Maltose Biochemistry and Transport in Plant Leaves

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Final Technical Report for DOE grant DE-FG02-04ER15565 Maltose Biochemistry and Transport in Plant Leaves PI Thomas D. Sharkey University of Wisconsin-Madison Starch is a desirable plant product for both food and biofuel. Leaf starch is ideal for use in biofuels because it does not compete with grain starch, which is used for food. Starch is accumulated in plant leaves during the day and broken down at night. If we can manipulate leaf starch breakdown it may be possible to design a plant that provides both grain starch for food and leaf starch for biofuel. The pathway of leaf starch breakdown ... continued below

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Sharkey, Thomas D. January 28, 2010.

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Final Technical Report for DOE grant DE-FG02-04ER15565 Maltose Biochemistry and Transport in Plant Leaves PI Thomas D. Sharkey University of Wisconsin-Madison Starch is a desirable plant product for both food and biofuel. Leaf starch is ideal for use in biofuels because it does not compete with grain starch, which is used for food. Starch is accumulated in plant leaves during the day and broken down at night. If we can manipulate leaf starch breakdown it may be possible to design a plant that provides both grain starch for food and leaf starch for biofuel. The pathway of leaf starch breakdown was not known when this work started. Preliminary evidence had shown that maltose was the primary product of leaf starch breakdown (Weise, Weber & Sharkey, 2004) and that it was metabolized by a disproportionating enzyme called amylomaltase but given the initials DPE2 (Lu & Sharkey, 2004). In this work we showed that only one form of maltose was metabolically active (Weise et al., 2005a) and that maltose was located in two different places when the amylomaltase was knocked out but only inside the chloroplast when the maltose transporter was knocked out (Lu et al., 2006a). This allowed us to estimate the energetics of maltose export and to show that maltose export is more efficient than glucose export (Weise et al., 2005b). We examined how daylength affected starch breakdown rate and found that starch breakdown rate could respond to changes in daylength within one day (Lu, Gehan & Sharkey, 2005). We also were able to show a second starch breakdown pathway by chloroplastic starch phosphorylase (Weise et al., 2006). Work to this point was summarized in a review (Lu & Sharkey, 2006). We were able to show that the amylomaltase in plants could substitute for the amylomaltase in bacteria (Lu et al., 2006b). In this paper we also showed the importance of a second enzyme called alpha-glucan phosphorylase in starch breakdown. Finally, we were able to determine the enzymatic mechanism of the amylomaltase (Steichen, Petty & Sharkey, 2008). These results have laid the groundwork for manipulating plants for improved biofuel production. Lu Y., Gehan J.P. & Sharkey T.D. (2005) Daylength and circadian effects on starch degradation and maltose metabolism. Plant Physiology, 138, 2280-2291 Lu Y. & Sharkey T.D. (2004) The role of amylomaltase in maltose metabolism in the cytosol of photosynthetic cells. Planta, 218, 466-473 Lu Y. & Sharkey T.D. (2006) The importance of maltose in transitory starch breakdown. Plant, Cell and Environment, 29, 353-366 Lu Y., Steichen J.M., Weise S.E. & Sharkey T.D. (2006a) Cellular and organ level localization of maltose in maltose-excess Arabidopsis mutants. Planta, 224, 935-943 Lu Y., Steichen J.M., Yao J. & Sharkey T.D. (2006b) The role of cytosolic α-glucan phosphorylase in maltose metabolism and the comparison of amylomaltase in Arabidopsis and E. coli. Plant Physiology, 142 878-889 Steichen J.M., Petty R.V. & Sharkey T.D. (2008) Domain characterization of a 4-α-glucanotransferase essential for maltose metabolism in photosynthetic leaves. J. Biol. Chem., 283, 20797-20804 Weise S.E., Kim K.S., Stewart R.P. & Sharkey T.D. (2005a) Beta-maltose is the metabolically active anomer of maltose during transitory starch degradation. Plant Physiology, 137, 756-761 Weise S.E., Schrader S.M., Kleinbeck K.R. & Sharkey T.D. (2006) Carbon balance and circadian regulation of hydrolytic and phosphorolytic breakdown of transitory starch. Plant Physiology, 141, 879-886 Weise S.E., Sharkey T.D., van der Est A. & Bruce D. (2005b) Energetics of carbon export from the chloroplast at night. In: Photosynthesis: Fundamental aspects to global perspectives, the proceedings of the 13th international congress on photosynthesis, pp. 816-818. International Society of Photosynthesis/Alliance Communications Group, Lawrence. Weise S.E., Weber A. & Sharkey T.D. (2004) Maltose is the major form of carbon exported from the chloroplast at night. Planta, 218, 474-482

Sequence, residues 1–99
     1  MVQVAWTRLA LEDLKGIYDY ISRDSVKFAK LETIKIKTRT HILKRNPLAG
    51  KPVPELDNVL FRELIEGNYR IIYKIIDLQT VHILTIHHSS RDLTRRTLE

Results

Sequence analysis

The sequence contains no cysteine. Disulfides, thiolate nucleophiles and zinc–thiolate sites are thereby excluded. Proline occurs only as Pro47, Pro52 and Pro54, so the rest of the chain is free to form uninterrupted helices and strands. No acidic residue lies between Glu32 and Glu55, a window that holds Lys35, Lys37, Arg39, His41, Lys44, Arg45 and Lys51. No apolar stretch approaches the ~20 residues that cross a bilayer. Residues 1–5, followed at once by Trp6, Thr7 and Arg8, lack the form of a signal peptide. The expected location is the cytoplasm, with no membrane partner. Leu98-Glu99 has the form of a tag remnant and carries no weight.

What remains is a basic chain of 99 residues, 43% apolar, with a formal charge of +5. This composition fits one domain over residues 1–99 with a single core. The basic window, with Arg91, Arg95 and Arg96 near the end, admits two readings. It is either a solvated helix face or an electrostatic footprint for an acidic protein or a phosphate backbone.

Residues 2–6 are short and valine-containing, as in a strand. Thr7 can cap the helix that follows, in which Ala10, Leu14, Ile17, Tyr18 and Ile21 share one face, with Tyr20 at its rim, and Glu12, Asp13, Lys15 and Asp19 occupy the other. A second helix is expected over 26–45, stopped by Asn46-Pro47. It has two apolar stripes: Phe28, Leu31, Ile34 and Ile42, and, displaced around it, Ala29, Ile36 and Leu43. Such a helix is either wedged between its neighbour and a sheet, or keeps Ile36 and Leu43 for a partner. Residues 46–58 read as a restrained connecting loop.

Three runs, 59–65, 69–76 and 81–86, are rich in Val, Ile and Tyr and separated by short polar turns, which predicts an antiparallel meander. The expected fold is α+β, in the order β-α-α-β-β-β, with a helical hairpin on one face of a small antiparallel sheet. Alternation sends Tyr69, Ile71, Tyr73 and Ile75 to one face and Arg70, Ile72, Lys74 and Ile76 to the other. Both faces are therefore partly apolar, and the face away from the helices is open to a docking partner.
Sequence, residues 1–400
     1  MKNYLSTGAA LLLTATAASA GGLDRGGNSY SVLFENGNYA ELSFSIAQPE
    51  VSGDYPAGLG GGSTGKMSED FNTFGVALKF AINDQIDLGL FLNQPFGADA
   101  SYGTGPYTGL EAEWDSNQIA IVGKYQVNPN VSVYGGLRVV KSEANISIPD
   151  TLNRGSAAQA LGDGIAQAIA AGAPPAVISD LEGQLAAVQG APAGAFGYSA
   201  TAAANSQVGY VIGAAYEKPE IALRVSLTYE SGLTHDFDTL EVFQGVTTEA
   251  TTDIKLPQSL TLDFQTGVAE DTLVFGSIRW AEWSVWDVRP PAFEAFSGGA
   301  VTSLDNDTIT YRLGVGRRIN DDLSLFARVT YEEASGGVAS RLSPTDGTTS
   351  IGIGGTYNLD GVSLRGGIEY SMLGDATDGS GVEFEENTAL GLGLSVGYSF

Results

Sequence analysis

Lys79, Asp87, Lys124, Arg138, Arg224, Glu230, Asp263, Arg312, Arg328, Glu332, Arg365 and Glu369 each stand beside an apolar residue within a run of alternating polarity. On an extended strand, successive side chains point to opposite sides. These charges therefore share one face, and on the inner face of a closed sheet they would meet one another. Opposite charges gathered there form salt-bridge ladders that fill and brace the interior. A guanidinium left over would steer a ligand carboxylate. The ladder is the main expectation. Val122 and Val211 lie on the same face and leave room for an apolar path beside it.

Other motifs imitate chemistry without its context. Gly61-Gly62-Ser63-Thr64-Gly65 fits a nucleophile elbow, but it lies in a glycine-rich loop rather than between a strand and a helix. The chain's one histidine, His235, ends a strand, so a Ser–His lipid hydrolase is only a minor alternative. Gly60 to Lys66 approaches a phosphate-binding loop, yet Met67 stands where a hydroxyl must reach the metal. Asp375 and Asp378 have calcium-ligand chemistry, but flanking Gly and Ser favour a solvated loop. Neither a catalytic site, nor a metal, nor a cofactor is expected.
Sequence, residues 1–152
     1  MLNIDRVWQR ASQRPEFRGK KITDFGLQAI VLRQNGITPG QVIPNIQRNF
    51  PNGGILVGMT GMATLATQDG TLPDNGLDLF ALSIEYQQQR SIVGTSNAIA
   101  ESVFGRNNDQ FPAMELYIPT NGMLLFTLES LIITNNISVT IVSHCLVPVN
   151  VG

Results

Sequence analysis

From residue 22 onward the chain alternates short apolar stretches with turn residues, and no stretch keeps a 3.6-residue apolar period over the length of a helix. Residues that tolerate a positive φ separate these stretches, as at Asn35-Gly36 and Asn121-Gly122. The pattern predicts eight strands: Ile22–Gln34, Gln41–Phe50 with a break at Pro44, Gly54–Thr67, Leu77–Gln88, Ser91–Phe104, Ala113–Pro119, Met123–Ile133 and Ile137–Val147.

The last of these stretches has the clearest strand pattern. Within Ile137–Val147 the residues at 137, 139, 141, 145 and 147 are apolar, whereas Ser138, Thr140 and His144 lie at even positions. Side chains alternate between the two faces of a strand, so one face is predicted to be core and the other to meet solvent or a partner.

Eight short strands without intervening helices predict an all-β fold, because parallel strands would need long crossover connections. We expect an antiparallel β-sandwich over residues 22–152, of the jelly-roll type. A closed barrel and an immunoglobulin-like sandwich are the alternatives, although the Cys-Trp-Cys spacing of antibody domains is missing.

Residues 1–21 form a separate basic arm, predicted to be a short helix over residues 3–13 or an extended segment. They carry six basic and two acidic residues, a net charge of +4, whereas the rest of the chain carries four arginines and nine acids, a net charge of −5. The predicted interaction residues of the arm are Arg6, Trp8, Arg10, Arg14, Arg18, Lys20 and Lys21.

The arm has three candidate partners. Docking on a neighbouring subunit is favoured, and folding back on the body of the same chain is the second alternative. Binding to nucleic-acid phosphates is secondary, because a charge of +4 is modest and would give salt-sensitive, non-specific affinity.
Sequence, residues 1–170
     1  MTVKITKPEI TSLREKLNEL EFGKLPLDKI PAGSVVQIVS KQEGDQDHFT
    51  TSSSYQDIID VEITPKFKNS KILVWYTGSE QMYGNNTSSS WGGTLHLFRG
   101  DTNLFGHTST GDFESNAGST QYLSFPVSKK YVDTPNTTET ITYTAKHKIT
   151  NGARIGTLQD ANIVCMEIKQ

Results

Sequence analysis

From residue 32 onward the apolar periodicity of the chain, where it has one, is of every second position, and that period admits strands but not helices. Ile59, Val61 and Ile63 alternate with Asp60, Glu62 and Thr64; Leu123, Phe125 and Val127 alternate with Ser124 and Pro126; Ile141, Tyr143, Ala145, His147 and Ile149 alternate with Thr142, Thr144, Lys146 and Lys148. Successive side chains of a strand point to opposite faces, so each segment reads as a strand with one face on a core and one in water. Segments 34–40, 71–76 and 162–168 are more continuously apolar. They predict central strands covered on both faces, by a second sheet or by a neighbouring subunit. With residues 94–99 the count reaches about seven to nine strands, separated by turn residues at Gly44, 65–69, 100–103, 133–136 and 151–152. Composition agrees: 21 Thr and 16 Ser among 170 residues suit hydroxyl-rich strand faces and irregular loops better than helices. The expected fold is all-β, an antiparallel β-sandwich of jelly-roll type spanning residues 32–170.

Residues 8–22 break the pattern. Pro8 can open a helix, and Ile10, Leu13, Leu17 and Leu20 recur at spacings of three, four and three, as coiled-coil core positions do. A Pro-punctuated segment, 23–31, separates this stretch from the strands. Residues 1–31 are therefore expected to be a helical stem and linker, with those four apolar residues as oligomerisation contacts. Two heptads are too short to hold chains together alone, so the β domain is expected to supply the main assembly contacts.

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  • Report No.: Final Technical Report
  • Grant Number: FG02-04ER15565
  • DOI: 10.2172/971070 | External Link
  • Office of Scientific & Technical Information Report Number: 971070
  • Archival Resource Key: ark:/67531/metadc932040

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  • January 28, 2010

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  • Nov. 13, 2016, 7:26 p.m.

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Sharkey, Thomas D. Maltose Biochemistry and Transport in Plant Leaves, report, January 28, 2010; United States. (digital.library.unt.edu/ark:/67531/metadc932040/: accessed December 16, 2018), University of North Texas Libraries, Digital Library, digital.library.unt.edu; crediting UNT Libraries Government Documents Department.